In the UK, the executive comprises the Crown and the Government, including the PrimeMinister and Cabinet ministers. The executive formulates and implements policy. Thelegislature, Parliament, comprises the Crown, the House of Commons and the House ofLords. The judiciary comprises the judges in the courts of law, those who hold judicial officein tribunals and the lay magistrates who staff the magistrates’ courts. Senior judicialappointments are made by the Crown.

In the UK, and other common law jurisdictions, the executive and legislature are closelyentwined. The Prime Minister and a majority of his or her ministers are Members ofParliament and sit in the House of Commons. The executive is therefore present at the heartof Parliament.

In this way, in the UK legislature and executive are far from separate powers.

The Government usually has almost complete control over theagenda of the legislature.

Judges are expected to interpret legislation in line with the intention of Parliament

Constitutionally, judges are subordinate to Parliament and may not challenge the validity ofActs of Parliament.

The Judge as Lawmaker, Lord Reid said that while it was once “thought almostindecent” to suggest that judges make law, the notions that judges only declare the law wasoutdated

The whole document's main point is that there is no separation of power in the UK but it's not a bad thing and where it's potentially bad they already have done something about it. I don't understand how you could interpret any of the above as that there is separation. There isn't.

Who makes laws? Parliament.
Who executes laws and create policies? Parliament-backed government whose members are MPs.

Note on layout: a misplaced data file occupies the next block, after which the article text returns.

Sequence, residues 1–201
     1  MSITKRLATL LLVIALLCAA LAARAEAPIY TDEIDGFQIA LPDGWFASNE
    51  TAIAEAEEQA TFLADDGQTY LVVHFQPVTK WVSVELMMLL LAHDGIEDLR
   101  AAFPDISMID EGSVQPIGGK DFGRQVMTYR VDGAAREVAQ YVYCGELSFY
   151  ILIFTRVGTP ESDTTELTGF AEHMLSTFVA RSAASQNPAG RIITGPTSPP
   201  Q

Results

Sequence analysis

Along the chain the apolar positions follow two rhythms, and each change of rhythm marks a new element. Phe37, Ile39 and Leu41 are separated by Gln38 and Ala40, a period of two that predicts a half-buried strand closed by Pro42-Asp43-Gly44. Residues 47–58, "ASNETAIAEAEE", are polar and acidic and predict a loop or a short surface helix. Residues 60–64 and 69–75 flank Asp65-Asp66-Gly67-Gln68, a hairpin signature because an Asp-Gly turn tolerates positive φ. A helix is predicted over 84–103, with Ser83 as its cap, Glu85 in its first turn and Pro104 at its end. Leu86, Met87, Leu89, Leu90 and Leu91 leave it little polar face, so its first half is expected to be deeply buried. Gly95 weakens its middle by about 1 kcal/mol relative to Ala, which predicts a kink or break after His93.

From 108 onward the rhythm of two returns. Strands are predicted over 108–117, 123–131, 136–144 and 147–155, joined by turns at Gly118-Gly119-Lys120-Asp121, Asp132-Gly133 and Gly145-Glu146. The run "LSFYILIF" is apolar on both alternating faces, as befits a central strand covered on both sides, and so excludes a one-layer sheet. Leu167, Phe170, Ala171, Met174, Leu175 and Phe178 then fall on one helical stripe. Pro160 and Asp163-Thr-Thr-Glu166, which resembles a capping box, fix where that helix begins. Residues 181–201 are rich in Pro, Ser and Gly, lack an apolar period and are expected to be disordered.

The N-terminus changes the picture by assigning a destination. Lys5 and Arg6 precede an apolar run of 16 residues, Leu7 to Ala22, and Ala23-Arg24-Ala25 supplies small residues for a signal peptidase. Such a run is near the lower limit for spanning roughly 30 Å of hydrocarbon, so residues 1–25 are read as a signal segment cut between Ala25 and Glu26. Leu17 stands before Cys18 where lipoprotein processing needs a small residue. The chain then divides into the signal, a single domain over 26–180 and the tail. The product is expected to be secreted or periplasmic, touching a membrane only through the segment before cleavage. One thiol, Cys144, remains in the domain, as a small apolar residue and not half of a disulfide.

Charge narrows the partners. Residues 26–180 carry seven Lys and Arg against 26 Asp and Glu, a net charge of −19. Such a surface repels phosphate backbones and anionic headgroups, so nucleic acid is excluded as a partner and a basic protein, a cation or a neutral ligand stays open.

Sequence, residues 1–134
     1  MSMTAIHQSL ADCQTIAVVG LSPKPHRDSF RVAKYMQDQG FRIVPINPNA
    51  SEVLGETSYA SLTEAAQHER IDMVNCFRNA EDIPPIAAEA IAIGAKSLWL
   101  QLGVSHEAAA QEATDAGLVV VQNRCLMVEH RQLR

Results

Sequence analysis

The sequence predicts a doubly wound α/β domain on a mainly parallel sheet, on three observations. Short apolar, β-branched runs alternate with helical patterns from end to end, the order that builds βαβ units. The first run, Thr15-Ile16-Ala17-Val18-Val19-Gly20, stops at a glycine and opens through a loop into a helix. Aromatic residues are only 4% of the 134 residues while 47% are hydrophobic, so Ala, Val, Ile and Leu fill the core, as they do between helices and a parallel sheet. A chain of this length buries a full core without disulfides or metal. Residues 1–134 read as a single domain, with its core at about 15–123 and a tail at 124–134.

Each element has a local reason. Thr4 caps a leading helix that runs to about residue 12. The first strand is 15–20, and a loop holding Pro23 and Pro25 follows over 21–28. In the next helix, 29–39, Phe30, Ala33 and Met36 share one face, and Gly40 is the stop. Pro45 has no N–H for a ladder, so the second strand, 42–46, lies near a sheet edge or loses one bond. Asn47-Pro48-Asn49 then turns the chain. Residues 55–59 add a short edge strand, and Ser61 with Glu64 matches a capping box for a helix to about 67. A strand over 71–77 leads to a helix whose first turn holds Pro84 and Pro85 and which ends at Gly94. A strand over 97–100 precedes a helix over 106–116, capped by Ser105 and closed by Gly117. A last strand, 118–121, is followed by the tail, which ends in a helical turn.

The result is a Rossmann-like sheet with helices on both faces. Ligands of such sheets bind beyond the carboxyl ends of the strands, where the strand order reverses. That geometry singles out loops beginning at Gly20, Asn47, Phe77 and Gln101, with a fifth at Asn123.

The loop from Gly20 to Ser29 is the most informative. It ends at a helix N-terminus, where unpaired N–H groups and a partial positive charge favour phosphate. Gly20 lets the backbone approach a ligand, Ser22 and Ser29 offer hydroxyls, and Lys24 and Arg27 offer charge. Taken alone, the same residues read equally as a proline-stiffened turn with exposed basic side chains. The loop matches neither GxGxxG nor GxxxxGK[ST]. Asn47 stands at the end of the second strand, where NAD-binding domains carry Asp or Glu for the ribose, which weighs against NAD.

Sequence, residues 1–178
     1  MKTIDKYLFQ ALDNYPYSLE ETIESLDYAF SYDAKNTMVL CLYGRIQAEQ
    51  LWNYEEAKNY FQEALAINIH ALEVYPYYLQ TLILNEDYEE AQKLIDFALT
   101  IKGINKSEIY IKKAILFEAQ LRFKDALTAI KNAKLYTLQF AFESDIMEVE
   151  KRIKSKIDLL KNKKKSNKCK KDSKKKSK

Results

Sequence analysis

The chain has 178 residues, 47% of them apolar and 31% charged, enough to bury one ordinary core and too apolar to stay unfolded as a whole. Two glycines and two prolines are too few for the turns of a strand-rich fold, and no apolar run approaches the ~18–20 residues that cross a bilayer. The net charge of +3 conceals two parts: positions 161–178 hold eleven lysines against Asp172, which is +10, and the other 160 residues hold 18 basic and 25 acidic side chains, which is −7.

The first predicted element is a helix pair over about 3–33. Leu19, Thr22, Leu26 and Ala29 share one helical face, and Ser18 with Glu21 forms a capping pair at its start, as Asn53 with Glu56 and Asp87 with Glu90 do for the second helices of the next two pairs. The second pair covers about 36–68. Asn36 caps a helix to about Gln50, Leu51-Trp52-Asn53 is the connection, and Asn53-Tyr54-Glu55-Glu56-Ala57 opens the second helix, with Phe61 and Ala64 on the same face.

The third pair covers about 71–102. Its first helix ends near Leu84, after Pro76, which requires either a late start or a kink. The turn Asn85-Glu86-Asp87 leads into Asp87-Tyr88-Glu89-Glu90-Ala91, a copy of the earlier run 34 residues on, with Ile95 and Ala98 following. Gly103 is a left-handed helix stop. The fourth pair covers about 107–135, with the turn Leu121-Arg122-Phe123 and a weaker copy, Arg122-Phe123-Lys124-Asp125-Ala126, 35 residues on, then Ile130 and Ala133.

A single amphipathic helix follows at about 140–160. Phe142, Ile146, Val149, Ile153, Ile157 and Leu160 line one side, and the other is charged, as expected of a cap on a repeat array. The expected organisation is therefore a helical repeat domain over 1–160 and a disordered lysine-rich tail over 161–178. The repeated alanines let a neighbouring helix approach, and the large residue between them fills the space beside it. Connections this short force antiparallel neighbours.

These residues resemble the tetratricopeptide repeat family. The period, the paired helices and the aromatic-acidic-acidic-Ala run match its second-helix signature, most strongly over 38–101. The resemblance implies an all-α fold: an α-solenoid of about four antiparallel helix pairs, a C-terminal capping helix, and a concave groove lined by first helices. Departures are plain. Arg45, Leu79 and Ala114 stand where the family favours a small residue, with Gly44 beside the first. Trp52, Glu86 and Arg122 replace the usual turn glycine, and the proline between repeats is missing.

The only question is whether parliament controls the courts,and it does. Its government appoints judges, and directly it can remove judges in the High Court, it can remove laws and create new laws as they wish to. If parliament is have broken the law, they can either avoid prosecution with their privileges or remove the laws right away. An Act of Parliament also cannot be challenged by the court.

As long as the Prime Minister controls parliament, there simply isn't a separation of power. Just because the PMs haven't been abusing the powers doesn't mean there is a separation.

(Original post by gladders)
Except how would such rules be made? Through Parliament. Who has a majority in the Commons, which is essential for such rules? The Prime Minister.
And that's not addressing the point that for many issues, everyone may agree that present practice is unacceptable but not agree on what should replace it, and therefore a dissatisfactory status quo arises which nobody likes.
So now you're recognising that parliament does hold all the power and as long as a PM controls it, there's no powers to overrule it?

(Original post by gladders)
No it can't. It requires the endorsement various officials, the only ones of which being in Parliament being the Speakers of the Commons and the Lord Chancellor, to recognise the monarch as incapacitated.
Who are both members of parliament, further proving my point that parliament holds all the power and there's no separation.

(Original post by gladders)
Edward VIII's deposition was a combination of various concerns, but it boils down to his fundamental insuitability as King. In that scenario, enormous pressure was put on the King to abdicate, which he did through an Act of Parliament. I am unsure why you bring it up.
Because his example showed how a monarch could potentially abuse the current powers. It is a real concern, and one that is not different to the concern that the PM might abuse the power. At least the PM was voted in!

(Original post by gladders)
I already explained how: the PM asking for the exercise of powers still has to justify their exercise, even if it's a routine case: he has to have a rationale, and has to dress the justification to the Queen in line with the principles of the constitution. He knows that the Queen will be ever-obliging while all actors follows the constitution, but if there were irregularities in a request, be it method, motivation or otherwise, then questions wil be asked and pauses for thought asked for. It's subtle, but it's there.